Out There – a mystery in a donut
The L5 Project is a space colony built in the shape of a torus. Eight thousand committed “L5ers” are working to save a piece of humanity while the home planet is slowly crumbling about the ears of oligarchs, bureaucrats and the rest of us.
But then there is the matter of Juergen’s body, lying in L5’s orchard, surrounded by “friggen puddles of pure friggen water”.
To find out what happened, the keeper of L5’s ports, known as the Gates To Hades, must travel down to Earth. Charon meets Juergen’s family, and thugs in the Moscow airport where he is saved by a Ukrainian oceanographer named Darinka. They might not make it back.
Notes To Mother
a journey by
Author – Jeff Berry
Edited by George Opacic
with Illustrations by Loreena M. Lee
extract – Green Bananas
What They Did
Then there was the problem of stowaways. One would think this would be a nautical curiosity today, but wherever it occurred, the US Governmental authorities viewed it most dimly.
In our case, it seems that one ship seemed to always be bringing stowaways with them from Turbo. They would board the ship with the banana carrying stevedores, when the ship was anchored in the stream. Often they would work the cargo, and then hide in a place they’d prepared during the loading. This meant that, in two days underway, the stowaways would piss and defecate their way through a complete hatch load of bananas. Almost the whole cargo had then to be condemned by the health authorities.
Worse still, the stowaways almost always brought drugs aboard for their own use and as a valuable commodity to trade with when they reached the States.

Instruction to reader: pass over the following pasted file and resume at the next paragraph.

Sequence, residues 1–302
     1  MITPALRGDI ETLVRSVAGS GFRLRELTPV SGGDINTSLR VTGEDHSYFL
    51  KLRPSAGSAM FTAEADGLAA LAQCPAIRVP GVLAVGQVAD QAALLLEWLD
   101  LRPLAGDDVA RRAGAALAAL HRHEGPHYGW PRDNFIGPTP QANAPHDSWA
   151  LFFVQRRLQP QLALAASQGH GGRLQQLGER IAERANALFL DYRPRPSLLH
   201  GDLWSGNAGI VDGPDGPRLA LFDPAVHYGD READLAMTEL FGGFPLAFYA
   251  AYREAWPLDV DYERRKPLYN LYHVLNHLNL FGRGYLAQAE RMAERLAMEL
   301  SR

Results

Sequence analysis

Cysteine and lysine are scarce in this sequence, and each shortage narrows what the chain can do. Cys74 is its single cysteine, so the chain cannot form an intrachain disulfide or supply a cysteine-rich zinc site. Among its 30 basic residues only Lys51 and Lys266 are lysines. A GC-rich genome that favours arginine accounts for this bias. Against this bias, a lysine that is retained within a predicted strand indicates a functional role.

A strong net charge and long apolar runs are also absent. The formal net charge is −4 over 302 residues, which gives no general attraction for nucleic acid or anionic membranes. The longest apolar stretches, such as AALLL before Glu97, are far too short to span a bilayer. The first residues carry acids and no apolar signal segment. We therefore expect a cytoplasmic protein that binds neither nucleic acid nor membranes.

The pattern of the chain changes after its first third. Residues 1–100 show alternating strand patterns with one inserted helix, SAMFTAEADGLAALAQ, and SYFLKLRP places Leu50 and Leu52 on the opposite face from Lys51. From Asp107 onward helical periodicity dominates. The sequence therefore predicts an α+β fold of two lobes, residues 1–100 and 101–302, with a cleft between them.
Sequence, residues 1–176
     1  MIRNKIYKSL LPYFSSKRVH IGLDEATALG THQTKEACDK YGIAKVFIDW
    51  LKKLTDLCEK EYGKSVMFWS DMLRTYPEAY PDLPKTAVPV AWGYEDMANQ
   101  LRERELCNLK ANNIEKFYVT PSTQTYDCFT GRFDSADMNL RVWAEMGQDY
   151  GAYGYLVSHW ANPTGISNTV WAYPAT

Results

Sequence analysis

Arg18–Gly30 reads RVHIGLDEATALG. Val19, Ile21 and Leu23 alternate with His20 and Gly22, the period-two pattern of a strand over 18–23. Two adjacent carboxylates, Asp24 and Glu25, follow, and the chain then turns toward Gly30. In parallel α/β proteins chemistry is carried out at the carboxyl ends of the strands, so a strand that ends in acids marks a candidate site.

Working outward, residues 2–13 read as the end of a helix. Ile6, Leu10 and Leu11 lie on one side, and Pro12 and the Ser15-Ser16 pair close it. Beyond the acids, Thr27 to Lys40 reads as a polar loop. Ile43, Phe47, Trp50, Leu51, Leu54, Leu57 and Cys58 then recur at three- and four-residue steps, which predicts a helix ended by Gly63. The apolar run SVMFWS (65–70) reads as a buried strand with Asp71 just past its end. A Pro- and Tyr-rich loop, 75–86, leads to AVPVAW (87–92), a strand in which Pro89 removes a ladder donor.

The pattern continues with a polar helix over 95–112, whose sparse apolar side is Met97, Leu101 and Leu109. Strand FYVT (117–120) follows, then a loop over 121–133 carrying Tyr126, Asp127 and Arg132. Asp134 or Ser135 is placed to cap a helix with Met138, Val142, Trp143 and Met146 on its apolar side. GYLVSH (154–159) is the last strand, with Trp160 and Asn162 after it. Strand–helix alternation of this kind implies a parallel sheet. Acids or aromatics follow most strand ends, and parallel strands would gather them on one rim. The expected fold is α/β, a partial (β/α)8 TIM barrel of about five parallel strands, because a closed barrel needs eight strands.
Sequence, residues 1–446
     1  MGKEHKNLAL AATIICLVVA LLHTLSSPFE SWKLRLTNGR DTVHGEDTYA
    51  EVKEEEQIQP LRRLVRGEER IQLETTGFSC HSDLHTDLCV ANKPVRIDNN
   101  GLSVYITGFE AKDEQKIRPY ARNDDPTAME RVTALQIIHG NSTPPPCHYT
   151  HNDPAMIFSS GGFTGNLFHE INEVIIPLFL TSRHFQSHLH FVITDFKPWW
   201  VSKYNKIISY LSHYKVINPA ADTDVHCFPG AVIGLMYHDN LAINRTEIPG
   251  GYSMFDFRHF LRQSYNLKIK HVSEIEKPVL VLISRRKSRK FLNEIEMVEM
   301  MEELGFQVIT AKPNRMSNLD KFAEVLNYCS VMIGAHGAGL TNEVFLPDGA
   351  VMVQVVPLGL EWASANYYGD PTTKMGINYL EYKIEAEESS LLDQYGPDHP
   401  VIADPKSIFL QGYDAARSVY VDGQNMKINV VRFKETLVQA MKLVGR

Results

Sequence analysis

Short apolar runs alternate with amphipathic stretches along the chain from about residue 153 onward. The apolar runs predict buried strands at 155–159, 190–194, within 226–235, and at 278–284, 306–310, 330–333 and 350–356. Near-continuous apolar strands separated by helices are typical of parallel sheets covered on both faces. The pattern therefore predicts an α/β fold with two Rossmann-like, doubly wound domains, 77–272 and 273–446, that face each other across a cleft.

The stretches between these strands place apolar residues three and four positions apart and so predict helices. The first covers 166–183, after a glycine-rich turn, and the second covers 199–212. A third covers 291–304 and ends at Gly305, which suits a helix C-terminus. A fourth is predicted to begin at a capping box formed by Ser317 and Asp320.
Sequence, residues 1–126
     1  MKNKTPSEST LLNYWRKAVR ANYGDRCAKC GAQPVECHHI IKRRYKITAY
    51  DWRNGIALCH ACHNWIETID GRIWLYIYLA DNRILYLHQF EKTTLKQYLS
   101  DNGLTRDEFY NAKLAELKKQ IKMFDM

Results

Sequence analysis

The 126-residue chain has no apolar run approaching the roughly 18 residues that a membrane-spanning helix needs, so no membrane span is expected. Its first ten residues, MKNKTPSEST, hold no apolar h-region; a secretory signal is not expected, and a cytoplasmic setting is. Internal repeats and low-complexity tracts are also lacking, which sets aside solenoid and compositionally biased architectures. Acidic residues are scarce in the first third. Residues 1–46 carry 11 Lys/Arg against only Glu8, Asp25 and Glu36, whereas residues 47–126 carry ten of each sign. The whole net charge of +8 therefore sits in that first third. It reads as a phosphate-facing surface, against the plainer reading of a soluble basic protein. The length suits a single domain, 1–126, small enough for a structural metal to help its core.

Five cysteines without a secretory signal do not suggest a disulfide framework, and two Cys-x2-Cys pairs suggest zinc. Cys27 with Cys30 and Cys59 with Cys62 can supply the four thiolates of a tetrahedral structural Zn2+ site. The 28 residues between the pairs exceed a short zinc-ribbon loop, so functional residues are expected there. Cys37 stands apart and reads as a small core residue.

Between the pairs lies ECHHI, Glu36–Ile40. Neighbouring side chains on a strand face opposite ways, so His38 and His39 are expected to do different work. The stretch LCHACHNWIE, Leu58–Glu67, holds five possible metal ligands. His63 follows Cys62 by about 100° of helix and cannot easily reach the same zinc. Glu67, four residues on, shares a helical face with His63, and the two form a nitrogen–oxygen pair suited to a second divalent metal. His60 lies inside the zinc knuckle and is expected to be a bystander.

Quite naturally, the crew, or some of them, wanted to get wasted and laid. Booze and broads were on their minds. So, they started smuggling girls of easy virtue onto the ships while they worked cargoes in Colombia. This was tolerated as far as it went, but the females brought with them coke – the powder, not the fizzy drink.
That was a big no no. The problem was, while any infraction for stowaways brought a $10,000 fine, it could be tolerated if it only happened occasionally. Drugs, however, were a different matter. That meant the ship would be banned from U.S. waters for a long time. This was not acceptable to either the owners or the captain.
Human nature being what it was and still is, the problem was thrown to us at Brewster Marine Services.
We mulled it over and came up with the obvious solution: providing sexual services to deserving crewmen.
Since I spoke the best Spanish in the company, though it wasn’t really good, I was nominated to go to Turbo, visit some bordellos, with a view to entering into negotiations with the various madams.
You might say that my trip to Turbo, Colombia, was the beginning for me of overseas trips on behalf of companies. Alas, I have struggled with just the right wording to place on my personal CV.
cover photo and design by George Opacic